1. You don’t buy the right amount of meat.
AND SO: You have to make tiny burgers and everyone is miserable and riots.
2. Your grill isn’t clean and oiled.
AND SO: Your burgers stick to the grill and you look stupid.
If your burgers are sticking to the grill, it’s probably because there’s a bunch of crap on there that shouldn’t be there. To clean it, the basics steps are 1) start with a warm grill, 2) scrape clean with a wire brush, 3) wipe with an oiled paper towel.
Keep in mind that it’s much easier to clean gunk off of a grill when it’s still warm, so if it’s your first cookout of the year (woot woot!), you’ll need to heat it up and clean it before you start cooking. Otherwise, just clean your grill after each use while it’s still warm.
Martha Stewart has a good set of directions on how to clean gas and charcoal grills.
3. You’re not paying attention to the fat/lean ratio.
AND SO: Your burgers aren’t delicious and might not even be made of cow.
First, remember that once meat is no longer a cow, every step of processing and packaging introduces an additional chance of contamination. And let’s be honest — especially in the case of shrink-wrapped, pre-pattied ground beef, there could be anything in there.
Sketchy, cheap ground beef won’t necessarily make you sick. But when I have to buy and cook it (and we all find ourselves in that position, especially in rented summer houses in remote towns with tiny grocery stores), I cook burgers to medium to make sure to kill anything nasty. And that makes for a less delicious burger.
So get the best meat available that you can afford. That means ground chuck — and remember that the perfect ratio is 80% lean and 20% fat. Fat is important. And if you can, ask the person at the butcher counter to grind it fresh while you wait. That will make a huge difference.
4. You’re overhandling the meat.
AND SO: Your burgers aren’t tender.
The less you handle your ground meat, the better. Mushing it causes the proteins to get worked up, and that makes your burgers less tender. So for the best burgers, don’t do ANYTHING to it before you shape the meat it into patties. Don’t dump it in a bowl to add seasoning — not even salt and pepper — and mix it around.
That includes adding anything other than salt and pepper, like eggs, onions, or herbs. This is probably the number-one mistake that everyone is guilty of (including me because my friends are addicted to these weird meatloaf burgers made with buttered shallots, eggs, and BBQ sauce mixed in). But give it a try.
5. You don’t consider the bun size when you make the patty.
AND SO: Your burgers are pathetic and lack a soul.
Burger meat will shrink as it cooks. So shape each patty about 1 inch wider in diameter than the hamburger buns you plan to use. As for thickness — don’t go above ½- to ¾-inch thickness, and try to make them the same so they cook at the same rate.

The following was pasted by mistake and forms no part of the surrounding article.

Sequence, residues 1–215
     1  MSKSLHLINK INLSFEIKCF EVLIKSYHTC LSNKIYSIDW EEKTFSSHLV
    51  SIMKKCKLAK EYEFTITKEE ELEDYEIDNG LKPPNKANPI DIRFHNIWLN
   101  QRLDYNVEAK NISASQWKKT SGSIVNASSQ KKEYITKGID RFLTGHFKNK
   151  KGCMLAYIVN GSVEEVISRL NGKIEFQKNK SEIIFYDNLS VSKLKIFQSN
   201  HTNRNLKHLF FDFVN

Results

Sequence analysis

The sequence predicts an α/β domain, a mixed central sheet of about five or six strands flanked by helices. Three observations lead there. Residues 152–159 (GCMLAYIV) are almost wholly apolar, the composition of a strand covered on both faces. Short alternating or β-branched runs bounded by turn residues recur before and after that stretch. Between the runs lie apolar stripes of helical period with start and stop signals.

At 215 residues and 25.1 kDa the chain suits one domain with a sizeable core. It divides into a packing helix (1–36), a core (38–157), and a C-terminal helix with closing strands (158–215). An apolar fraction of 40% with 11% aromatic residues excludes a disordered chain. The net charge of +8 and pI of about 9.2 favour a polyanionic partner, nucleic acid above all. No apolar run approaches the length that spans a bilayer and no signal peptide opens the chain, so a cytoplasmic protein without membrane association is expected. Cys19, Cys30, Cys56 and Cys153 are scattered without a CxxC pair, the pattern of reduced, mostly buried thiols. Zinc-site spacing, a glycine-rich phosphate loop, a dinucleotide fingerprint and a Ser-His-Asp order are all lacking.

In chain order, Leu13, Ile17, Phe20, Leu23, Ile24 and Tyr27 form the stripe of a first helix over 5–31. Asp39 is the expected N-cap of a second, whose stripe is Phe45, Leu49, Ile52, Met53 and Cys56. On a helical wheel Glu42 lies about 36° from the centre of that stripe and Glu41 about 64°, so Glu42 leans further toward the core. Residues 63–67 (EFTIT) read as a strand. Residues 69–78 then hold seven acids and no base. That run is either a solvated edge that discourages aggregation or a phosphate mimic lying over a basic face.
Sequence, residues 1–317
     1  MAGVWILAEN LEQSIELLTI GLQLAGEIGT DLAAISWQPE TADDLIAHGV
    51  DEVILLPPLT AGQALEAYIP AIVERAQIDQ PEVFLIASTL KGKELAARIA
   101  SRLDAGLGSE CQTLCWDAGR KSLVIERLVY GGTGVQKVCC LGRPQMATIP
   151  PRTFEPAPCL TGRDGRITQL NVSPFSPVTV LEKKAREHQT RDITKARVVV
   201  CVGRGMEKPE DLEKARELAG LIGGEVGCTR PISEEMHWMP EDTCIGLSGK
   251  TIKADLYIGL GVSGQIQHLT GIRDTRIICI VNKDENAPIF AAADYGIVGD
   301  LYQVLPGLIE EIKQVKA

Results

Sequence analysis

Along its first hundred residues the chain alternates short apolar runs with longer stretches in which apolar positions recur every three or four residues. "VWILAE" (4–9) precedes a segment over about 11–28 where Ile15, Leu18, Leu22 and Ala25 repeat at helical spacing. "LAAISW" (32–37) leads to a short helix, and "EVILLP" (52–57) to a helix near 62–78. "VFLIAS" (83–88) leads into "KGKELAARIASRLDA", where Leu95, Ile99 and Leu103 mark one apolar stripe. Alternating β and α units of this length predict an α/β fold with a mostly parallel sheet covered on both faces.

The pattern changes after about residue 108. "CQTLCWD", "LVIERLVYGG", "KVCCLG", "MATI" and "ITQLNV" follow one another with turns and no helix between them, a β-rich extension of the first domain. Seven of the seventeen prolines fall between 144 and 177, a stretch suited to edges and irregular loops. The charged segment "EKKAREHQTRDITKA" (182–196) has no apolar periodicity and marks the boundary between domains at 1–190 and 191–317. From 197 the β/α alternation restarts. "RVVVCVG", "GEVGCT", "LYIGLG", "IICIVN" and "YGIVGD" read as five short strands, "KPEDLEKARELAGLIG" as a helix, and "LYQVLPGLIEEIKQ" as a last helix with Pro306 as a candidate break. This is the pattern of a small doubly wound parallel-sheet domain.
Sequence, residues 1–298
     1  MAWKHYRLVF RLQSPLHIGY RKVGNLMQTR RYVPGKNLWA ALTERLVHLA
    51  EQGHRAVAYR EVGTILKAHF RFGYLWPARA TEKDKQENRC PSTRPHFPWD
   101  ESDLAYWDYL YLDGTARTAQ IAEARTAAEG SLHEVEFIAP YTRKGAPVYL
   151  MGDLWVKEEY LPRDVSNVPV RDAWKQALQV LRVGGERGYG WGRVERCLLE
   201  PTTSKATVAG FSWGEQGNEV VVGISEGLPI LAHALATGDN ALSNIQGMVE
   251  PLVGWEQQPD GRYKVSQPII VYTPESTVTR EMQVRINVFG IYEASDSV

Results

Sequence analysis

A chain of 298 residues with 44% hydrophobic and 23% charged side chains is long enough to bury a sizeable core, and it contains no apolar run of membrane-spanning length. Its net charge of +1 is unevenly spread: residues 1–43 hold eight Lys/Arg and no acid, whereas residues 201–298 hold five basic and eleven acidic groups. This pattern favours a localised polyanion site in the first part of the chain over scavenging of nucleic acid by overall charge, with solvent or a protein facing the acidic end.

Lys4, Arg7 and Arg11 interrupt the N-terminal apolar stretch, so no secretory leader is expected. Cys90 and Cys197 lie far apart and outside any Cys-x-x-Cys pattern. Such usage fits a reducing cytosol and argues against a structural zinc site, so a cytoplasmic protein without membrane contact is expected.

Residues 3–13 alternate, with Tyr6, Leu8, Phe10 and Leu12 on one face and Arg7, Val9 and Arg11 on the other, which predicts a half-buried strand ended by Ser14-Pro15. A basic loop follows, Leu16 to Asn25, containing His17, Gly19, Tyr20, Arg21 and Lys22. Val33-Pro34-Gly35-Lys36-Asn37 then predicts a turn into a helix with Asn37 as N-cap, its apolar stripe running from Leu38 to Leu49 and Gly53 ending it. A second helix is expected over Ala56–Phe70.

6. You’re adding salt to the meat before you make the patties.
AND SO: Your burger doesn’t transcend all other burgers ever created.
First, always use kosher salt. Its shape and structure allows you to season more evenly. Also, kosher salt has no preservatives.
Next, don’t salt until your patties are formed and just about to go on the grill. The reason is that salt draws water out of meat and starts to dissolve proteins, which makes them cling to each other and become springy like you want a sausage, not tender like you want a burger.
So just after you’ve made your patties, season one side generously with salt and freshly ground black pepper. Put it on the grill, seasoned side down. Just before you flip it (about four minutes in), season the other side.
Above you’ll see a perfectly shaped and seasoned patty, courtesy of Bon Appetit/a>. (Except that technically you’d want to season the non-indented side first, since you want the seasoned side down on the grill, and the indentation side up.) Learn more about salting ground beef in Kenji Lopez-Alt’s in-depth post over at Serious Eats.
7. You’re not putting an indentation in your patties.
AND SO: Your burgers are spherical and refuse to play nice with toppings.
Burgers made on the grill contract while they cook, causing the middle to puff up. Plan for this: Make an gentle indent in the middle of your patty, like the photo in #6, and your burger will be nice and flat.
8. You’re packing it too tight.
AND SO: Your burgers hate you.
“Get it right, get it tight” does not apply to burger grilling. Be gentle; let the meat be loosely clumped together. Do the minimal amount of work to form a patty that will hold together on the grill. Trust: It will taste better.
9. You’re pressing on your patties with a spatula as they cook.
AND SO: Your burgers are literally bleeding out and dying right before your eyes.
You are pressing all of the delicious meat juice out of the burger and into the fire. Stop it.
10. You’re adding the cheese too soon.
AND SO: It’s too melty and it’s all over your grill.
Add patty to grill, seasoned side down, indentation side up. Grill four minutes. Season indentation side, flip patty. Wait two minutes. Poke the burger to see where you are — it should be firming up but still squishy. Add cheese. Grill two more minutes.
11. You are shutting the lid to speed things up.
AND SO: Your burgers taste like weird smoke and aren’t cooking evenly.
Make sure your grill is nice and hot before you add the patties, then grill them directly over the hottest part. If you shut them in there with a lid, it’s not really cooking them faster the way you want to, and they might end up tasting like acrid smoke.
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